Ultrabooks and hybrid PCs can be truly remarkable pieces of hardware but in order to find them, you have to look at the ones costing close to a lakh as these are generally the flagship models. We’ve already seen some from Dell, HP, Lenovo, Samsung and Sony and now, it’s time to take a look at Acer’s flagship offering called the Aspire S7.

Design and Build
The notebook has a killer design and is guaranteed to turn heads as soon as you take it out of your bag. The Aspire S7 features an incredibly sleek aluminium body that’s just 12.2mm thick when closed. Add to this the diamond-like mosaic pattern on the lid and we have one extremely good looking notebook. The body is scratch resistant and so is the glass protecting the screen which happens to be Corning’s Gorilla Glass 2. The hinge is incredibly sturdy as well and opens to almost 180 degrees.

Amazing design

Amazing design

Despite the slim chassis, the S7 features two USB 3.0 ports, headphone jack, a microSD card slot and a microHDMI port around the back. The ultrabook also features two break-out adapters for LAN and VGA. The LAN adapter is powered by a USB port whereas the VGA adapter slots into the microHDMI port. You could alternately also use a microHDMI to regular HDMI cable. Also in the box is the charging adapter, a carrying pouch and an expandable battery pack. This secondary battery strip clips onto the back and docks with the charging port, thereby extending the S7’s battery life. You can use the notebook without the battery pack as well, if you don’t want the excess bulk. The battery is completely sealed up and we have large vents at the back for releasing the hot air. The dual fan mechanism of sucking in cool air from one end and releasing it from the other keeps the Aspire S7 quite cool under normal working conditions.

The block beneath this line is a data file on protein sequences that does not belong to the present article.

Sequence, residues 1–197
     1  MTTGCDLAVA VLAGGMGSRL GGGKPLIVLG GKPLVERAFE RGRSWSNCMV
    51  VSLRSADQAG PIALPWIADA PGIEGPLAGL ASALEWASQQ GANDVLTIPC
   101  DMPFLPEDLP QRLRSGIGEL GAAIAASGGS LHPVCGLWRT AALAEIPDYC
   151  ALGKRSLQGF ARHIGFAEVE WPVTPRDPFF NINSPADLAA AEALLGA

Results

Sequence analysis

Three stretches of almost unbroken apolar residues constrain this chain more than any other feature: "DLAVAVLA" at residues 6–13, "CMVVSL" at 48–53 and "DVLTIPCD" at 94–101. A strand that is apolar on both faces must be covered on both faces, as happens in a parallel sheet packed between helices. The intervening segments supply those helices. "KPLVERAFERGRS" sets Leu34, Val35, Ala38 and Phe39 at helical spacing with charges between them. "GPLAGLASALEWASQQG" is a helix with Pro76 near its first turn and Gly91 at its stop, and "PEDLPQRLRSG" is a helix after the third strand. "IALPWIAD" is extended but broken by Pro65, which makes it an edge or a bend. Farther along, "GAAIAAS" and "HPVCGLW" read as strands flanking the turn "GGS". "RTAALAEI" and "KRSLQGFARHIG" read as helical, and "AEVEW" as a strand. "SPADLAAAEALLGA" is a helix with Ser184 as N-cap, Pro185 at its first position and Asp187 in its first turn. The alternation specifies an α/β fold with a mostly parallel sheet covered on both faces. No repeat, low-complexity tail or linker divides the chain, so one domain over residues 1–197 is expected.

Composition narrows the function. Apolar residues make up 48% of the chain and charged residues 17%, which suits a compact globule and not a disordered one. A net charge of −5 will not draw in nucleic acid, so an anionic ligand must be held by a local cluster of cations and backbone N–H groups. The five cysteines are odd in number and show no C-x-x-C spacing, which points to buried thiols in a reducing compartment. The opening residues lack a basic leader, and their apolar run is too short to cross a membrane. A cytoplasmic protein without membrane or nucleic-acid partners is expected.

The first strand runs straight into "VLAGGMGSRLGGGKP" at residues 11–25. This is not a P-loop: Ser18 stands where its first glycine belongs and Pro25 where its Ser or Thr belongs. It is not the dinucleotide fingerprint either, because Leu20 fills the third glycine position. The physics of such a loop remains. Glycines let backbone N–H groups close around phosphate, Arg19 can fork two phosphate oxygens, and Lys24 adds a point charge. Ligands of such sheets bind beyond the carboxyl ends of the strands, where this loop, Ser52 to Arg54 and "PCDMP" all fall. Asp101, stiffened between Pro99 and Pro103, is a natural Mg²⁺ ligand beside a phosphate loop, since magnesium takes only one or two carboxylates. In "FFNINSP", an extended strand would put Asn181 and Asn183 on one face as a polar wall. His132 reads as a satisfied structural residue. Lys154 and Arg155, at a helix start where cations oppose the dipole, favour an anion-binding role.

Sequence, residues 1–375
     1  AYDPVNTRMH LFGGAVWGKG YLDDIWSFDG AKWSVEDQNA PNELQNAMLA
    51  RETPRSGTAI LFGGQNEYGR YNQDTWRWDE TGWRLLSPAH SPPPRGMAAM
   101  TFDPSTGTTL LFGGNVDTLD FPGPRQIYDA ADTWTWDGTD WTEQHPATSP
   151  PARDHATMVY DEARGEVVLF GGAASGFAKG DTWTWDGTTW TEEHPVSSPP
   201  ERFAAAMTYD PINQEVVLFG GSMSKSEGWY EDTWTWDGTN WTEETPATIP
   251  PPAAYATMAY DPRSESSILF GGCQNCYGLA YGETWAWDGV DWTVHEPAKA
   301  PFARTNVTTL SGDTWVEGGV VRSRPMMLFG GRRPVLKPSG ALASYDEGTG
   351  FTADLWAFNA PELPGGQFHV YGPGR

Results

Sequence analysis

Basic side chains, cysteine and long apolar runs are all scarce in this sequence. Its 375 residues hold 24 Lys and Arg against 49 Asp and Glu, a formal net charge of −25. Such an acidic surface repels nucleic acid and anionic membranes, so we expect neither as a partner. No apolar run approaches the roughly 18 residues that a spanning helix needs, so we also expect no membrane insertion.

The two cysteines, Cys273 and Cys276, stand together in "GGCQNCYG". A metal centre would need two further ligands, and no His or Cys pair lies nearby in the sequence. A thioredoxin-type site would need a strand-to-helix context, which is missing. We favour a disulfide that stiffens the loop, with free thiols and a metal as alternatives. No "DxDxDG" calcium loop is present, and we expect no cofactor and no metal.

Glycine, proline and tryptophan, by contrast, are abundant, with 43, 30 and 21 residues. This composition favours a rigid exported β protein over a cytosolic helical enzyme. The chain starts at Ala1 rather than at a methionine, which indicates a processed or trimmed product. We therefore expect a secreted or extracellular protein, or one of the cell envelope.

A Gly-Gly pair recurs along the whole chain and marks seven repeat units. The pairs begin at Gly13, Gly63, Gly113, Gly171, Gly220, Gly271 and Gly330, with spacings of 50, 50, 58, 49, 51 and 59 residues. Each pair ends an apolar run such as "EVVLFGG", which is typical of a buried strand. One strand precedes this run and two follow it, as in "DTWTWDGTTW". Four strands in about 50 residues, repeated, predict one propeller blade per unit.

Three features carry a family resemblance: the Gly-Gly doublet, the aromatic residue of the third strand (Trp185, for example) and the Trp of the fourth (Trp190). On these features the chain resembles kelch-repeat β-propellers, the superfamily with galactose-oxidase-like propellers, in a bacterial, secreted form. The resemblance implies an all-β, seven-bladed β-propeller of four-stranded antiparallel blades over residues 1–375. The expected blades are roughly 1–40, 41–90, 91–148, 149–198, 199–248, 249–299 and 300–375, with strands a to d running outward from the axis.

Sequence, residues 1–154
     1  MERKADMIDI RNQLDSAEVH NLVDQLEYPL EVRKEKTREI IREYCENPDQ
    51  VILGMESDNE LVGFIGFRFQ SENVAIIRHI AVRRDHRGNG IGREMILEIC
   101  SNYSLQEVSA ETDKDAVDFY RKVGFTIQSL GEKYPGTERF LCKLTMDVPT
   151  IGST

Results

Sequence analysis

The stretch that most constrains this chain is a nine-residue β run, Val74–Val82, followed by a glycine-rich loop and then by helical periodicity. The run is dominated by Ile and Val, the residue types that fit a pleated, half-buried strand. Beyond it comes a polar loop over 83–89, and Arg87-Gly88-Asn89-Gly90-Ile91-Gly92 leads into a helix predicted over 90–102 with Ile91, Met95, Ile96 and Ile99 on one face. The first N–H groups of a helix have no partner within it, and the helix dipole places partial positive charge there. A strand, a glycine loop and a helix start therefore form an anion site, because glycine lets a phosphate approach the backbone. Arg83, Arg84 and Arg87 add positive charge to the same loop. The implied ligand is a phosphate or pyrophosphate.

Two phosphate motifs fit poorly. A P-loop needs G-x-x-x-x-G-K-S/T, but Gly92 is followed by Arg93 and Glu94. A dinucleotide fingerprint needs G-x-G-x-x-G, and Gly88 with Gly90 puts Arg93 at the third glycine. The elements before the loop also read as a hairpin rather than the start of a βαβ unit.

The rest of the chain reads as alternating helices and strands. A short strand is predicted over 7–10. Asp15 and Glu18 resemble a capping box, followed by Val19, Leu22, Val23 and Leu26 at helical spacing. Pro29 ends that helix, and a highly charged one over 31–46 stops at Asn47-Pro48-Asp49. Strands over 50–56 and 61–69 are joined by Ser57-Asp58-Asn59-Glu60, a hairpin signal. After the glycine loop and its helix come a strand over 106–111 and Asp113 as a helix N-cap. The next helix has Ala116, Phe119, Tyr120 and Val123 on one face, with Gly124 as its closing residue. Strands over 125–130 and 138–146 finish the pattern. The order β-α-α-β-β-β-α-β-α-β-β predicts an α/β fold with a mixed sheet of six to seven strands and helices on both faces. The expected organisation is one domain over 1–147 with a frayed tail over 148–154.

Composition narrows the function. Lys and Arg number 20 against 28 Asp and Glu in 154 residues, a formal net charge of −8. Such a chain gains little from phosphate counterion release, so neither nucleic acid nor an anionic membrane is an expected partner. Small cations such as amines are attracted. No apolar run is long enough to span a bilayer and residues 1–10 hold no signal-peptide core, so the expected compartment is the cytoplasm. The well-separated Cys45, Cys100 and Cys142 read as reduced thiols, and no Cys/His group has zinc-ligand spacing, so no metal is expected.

USB 3.0 port for good measure

USB 3.0 port for good measure

Opening up the lid, we find a generous trackpad and backlit, island styled keys. Acer has gone with aqua blue backlighting instead of the typical white. This looks cool and is also easy on the eyes in the dark. We would have liked for the backlit keys to automatically kick in once the ambient light dims, but that doesn’t happen. The S7 is not exactly a hybrid but rather a standard Ultrabook with a touchscreen. There’s no secret switch to flip it into tablet mode or any such trickery.

Gorilla Glass 2 for added protection

Gorilla Glass 2 for added protection


Speaking of displays, the S7 crams in 1920 x 1080 worth of pixels into an 11.6-inch screen, resulting in extremely sharp images and text. The LED backlit TFT LCD display is also very bright so you can easily use it outdoors. The model we received (MS2363) is powered by an Intel Core i7-3517U running at 1.9GHz. RAM maxes out at 4GB and we have SSDs in RAID 0 configurations, racking up the storage capacity to 256GB. This sort of SSD configuration is the first we’ve seen in Ultrabooks and should blow the roof off when it comes to read/write speeds. The S7 runs on Windows 8 64-bit and comes bundled with McAfee trial version and some Acer apps like cloud storage, maintenance, backup and restore, etc.